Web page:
Archived Story

Historical society planning Burlington trip

Published 12:00am Sunday, July 8, 2012

Because the history of Lawrence County has its roots in the booming iron industry of the 1800s, local historians have always taken an interest in preserving and studying the stacks, or stone, that are the remnants of the iron furnaces.

The most prominent is Vesuvius Furnace, the first hot blast furnace built in the Hanging Rock Iron Region, and easily accessible, because it is maintained by the U.S. Forest Service and is part of Lake Vesuvius State Park. Operation began there in 1837 and ended in 1905.

Less known is LaGrange Furnace, located just outside of Ironton on Lawrence Street Road. It is on private property that is beautifully maintained by the owner, Bob Holmes.

Mr. Holmes graciously hosted 18 members of the Lawrence County Historical Society at the property on June 23.

He shared what he knew of the history of the furnace, and led a walking tour of the area. As one climbs the hill behind the furnace, there is evidence of the railroad that passed through the area shipping iron back to Ironton.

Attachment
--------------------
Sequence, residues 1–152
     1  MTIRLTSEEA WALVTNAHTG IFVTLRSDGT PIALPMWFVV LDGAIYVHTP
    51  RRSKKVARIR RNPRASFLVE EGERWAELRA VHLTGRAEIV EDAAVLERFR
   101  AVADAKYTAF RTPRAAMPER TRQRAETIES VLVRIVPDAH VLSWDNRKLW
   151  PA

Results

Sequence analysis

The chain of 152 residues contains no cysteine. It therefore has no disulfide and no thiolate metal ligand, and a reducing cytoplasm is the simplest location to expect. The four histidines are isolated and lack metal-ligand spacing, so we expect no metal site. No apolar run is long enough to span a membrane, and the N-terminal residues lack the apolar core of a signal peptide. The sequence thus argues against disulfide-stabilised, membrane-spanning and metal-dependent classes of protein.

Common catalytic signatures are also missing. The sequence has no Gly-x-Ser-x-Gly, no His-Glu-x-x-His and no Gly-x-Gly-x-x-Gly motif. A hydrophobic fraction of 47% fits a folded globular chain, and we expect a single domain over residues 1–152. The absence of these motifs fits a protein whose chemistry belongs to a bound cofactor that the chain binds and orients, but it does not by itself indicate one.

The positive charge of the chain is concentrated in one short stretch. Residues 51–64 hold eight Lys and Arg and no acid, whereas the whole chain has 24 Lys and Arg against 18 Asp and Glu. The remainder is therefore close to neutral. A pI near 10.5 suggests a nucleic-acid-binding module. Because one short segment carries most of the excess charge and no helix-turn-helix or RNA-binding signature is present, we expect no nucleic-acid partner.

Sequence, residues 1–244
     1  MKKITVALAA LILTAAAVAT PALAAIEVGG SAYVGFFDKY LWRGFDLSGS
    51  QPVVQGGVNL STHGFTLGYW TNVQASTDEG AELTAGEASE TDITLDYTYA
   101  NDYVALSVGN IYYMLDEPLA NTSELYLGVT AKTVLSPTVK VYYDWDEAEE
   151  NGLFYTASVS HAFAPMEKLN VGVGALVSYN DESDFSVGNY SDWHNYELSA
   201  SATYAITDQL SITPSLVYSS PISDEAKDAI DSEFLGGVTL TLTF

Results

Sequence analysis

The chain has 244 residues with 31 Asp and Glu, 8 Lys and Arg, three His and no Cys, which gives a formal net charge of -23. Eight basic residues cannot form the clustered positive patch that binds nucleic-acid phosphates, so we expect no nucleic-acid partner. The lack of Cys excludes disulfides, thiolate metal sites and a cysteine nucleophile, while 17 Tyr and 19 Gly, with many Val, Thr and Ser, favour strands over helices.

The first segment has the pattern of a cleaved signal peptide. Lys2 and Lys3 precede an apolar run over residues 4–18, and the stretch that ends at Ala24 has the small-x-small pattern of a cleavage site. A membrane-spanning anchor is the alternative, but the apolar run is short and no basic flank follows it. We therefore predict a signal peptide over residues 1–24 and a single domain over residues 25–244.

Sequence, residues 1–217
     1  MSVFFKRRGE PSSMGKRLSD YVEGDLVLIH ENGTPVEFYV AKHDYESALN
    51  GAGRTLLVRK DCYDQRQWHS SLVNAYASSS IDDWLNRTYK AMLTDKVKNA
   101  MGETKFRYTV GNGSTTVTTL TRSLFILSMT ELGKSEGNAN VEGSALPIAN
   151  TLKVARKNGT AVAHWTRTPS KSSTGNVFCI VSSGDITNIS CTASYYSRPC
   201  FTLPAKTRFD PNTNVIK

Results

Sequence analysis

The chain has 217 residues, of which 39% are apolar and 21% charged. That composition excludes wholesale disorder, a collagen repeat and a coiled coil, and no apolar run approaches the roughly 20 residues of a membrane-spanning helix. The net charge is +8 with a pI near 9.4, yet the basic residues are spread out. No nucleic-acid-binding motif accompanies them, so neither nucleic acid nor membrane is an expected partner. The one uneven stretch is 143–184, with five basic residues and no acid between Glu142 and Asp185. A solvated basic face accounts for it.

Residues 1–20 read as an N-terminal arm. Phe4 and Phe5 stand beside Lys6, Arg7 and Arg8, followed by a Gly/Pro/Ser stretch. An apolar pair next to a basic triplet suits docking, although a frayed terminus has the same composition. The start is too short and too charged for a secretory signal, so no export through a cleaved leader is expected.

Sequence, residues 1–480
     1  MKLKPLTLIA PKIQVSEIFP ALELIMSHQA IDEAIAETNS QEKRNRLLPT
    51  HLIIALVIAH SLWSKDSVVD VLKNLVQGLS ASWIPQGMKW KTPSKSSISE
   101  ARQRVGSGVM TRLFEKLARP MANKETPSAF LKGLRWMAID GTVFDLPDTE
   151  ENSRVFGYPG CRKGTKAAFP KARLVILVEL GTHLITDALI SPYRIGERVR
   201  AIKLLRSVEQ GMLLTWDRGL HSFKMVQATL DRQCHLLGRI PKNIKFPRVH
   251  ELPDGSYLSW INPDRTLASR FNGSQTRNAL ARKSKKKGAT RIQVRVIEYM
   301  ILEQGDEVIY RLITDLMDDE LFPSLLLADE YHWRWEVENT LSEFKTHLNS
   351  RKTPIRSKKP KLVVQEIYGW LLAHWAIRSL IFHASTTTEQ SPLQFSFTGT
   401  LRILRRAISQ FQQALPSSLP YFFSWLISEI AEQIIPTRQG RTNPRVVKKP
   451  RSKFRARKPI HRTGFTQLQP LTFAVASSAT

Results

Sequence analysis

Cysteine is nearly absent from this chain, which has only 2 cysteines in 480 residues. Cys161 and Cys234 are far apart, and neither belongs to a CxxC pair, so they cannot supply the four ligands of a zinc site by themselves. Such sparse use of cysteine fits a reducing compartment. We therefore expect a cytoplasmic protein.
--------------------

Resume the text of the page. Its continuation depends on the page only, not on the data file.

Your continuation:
Huge stone on the banks of a nearby creek showed where the train trestles once crossed Little Storms Creek.

On July 21, members of the historical society are planning another trip to historical sites in Burlington.

Of particular interest will be the role this community played as an important hub in the underground railroad in the 1800s.

Don Saunders will lead the tour and share information on the historical 37 Cemetery, and Greenlawn Cemetery where five known conductors of the Underground Railroad are buried. Burlington also has the oldest jail in Ohio.

During the month of July the museum will feature a patriotic display honoring the historical patriotism of many Lawrence County Citizens.

Also on display will be mementos of the once nationally famous Ironton Tanks Football Team.

The museum is open 1 to 4 p.m. on Friday, Saturday and Sunday and is located at 506 S. Sixth Street.

Consider spending a cool and interesting afternoon at the museum in July.

 

Sue Jenkins is a docent at the Lawrence County Historical Museum.

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